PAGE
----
Failures of Prime Minister Malcolm Turnbull


Peter Khalil: I mentioned in my first speech, on Monday, that often the public is very cynical about politics and politicians. Their expectations are low, but when they are high they are seldom met. I think the public often believe that there is on this stage too much sound and fury without much substance at all. When they look at leadership in this place, the public should probably see at least some potential in our political leaders, because political leaders, through their vision, shape the fate of a nation. We have in the office of Prime Minister a person who has had a tremendous opportunity, a privilege that is given to so few, to make a mark on our country, to change our society for the better, yet in 12 months in the job he has utterly failed in his leadership.

The member for Wentworth has been a comprehensive disappointment to millions of Australians. His promise has been unfulfilled. His vision—if there was one to begin with—is nowhere to be seen. He presides over a bare policy cupboard. He spent the last year frantically attempting to fill it with thought bubbles that popped almost immediately after they came out of his mouth. For instance, we can all recall when the Prime Minister, with his puffed-up chest, lectured the nation about what he called ‘once-in-a-generation reform’. We all remember that. He put forward the idea, if I could call it that, of returning income tax powers to state governments. Two days later—only two days later—the greatest reforms to federalism for a generation, according to the Prime Minister, had ignominiously slithered down the COAG drain. The member for Wentworth scraped the bottom of the 20th century tax-policy barrel with that ill thought-out idea. It was a horrible idea. Interestingly enough, in stark contrast, he authored an article in 1976 where he criticised Malcolm Fraser for suggesting the very same policy idea. The PM and his brains trust, in what must have been a mad scramble to put together something, anything, then sought to replace it—and this is quite remarkable—with a $50 billion tax cut for corporate Australia. This policy was so well developed that the Prime Minister was quoted no less than 18 times as saying he did not even know what it cost. The PM’s former employer, Goldman Sachs, however, certainly did do its due diligence. Goldman Sachs stated that the tax cuts would mostly benefit foreign domiciled companies.

Perhaps he should consult his own cabinet a little more often. We all remember the cringe-worthy debacle of the Prime Minister failing to consult the Treasurer on the date of the budget, leaving government members chaotically uninformed. Now, even though the member for Wentworth may believe in some progressive policies—I am sure he does deep down, maybe some of them—the sadness, the tragedy, of his predicament is that he cannot deliver these policies, because his own party will not let him. It is rumoured that the Prime Minister strongly backed reforms to negative gearing but was rolled by the right wingers in his party room. It is rumoured the Prime Minister was again overridden by the right wing of his party on climate change. He is now peddling a policy that he himself once described, as a fig leaf and a recipe for fiscal recklessness on a grand scale. But, it actually could be worse. I may be being too kind.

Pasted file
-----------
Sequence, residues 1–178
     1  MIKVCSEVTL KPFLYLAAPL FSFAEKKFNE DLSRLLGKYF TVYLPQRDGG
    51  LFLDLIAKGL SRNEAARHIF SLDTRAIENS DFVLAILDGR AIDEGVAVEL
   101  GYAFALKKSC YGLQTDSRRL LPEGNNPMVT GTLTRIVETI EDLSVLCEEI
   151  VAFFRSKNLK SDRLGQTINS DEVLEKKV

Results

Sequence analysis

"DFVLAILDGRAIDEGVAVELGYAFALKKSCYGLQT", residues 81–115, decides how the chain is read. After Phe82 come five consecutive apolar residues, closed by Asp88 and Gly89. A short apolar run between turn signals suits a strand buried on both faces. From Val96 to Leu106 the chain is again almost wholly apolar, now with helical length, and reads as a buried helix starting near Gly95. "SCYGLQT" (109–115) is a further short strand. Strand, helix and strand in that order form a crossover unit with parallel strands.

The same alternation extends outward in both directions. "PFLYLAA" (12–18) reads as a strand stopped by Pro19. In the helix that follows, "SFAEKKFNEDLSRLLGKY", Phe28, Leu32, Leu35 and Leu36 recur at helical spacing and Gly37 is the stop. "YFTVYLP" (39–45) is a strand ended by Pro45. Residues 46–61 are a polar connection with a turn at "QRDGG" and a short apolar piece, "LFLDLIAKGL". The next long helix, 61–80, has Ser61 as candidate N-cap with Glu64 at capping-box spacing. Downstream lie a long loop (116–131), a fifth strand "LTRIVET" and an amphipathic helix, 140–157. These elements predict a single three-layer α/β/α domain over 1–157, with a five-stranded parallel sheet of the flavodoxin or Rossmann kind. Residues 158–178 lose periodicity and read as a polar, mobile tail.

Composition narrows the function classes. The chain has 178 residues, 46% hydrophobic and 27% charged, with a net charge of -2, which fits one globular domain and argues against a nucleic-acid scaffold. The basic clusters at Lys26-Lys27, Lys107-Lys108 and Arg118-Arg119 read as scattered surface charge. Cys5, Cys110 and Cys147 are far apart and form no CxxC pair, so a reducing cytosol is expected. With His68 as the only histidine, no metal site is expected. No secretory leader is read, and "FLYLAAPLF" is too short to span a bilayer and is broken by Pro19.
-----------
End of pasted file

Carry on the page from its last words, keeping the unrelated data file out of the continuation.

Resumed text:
The most damning indictment of his failed leadership would be—and I think it is—that he has actually traded away his own values for the top job. I am just a new member in this place, a new backbencher, yet in my first week I was confronted by the Prime Minister. On the first day of this parliament in the hallway he proceeded to lecture me about the notion of bipartisan support for a marriage equality plebiscite. I was a bit shocked. I did not know what to say. Then he turned his attack on the NBN and insisted that they were building it, that he was building it. He assured me that they were building it. Such a great statesman was roaming the halls of parliament seeking anyone who may throw a lifeline to his withering legacy. He is in danger of sinking even further into the depths of obscurity than the man he has usurped. The simple fact is that Australia deserves better than this Prime Minister.